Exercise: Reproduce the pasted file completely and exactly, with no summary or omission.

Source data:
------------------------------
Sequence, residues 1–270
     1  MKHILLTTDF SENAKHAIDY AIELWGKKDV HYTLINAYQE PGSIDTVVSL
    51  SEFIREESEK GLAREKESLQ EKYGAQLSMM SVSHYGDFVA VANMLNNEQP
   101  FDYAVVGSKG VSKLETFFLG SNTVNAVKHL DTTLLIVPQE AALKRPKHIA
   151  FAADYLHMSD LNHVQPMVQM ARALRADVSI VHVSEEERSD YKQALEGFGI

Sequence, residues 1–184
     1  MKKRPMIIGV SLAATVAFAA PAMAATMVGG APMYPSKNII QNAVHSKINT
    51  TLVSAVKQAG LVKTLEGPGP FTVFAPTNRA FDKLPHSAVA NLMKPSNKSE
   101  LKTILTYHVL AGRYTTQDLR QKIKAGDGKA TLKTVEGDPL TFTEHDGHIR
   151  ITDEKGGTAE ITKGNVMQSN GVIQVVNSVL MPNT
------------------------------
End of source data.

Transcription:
Sequence, residues 1–270
     1  MKHILLTTDF SENAKHAIDY AIELWGKKDV HYTLINAYQE PGSIDTVVSL
    51  SEFIREESEK GLAREKESLQ EKYGAQLSMM SVSHYGDFVA VANMLNNEQP
   101  FDYAVVGSKG VSKLETFFLG SNTVNAVKHL DTTLLIVPQE AALKRPKHIA
   151  FAADYLHMSD LNHVQPMVQM ARALRADVSI VHVSEEERSD YKQALEGFGI

Sequence, residues 1–184
     1  MKKRPMIIGV SLAATVAFAA PAMAATMVGG APMYPSKNII QNAVHSKINT
    51  TLVSAVKQAG LVKTLEGPGP FTVFAPTNRA FDKLPHSAVA NLMKPSNKSE
   101  LKTILTYHVL AGRYTTQDLR QKIKAGDGKA TLKTVEGDPL TFTEHDGHIR
   151  ITDEKGGTAE ITKGNVMQSN GVIQVVNSVL MPNT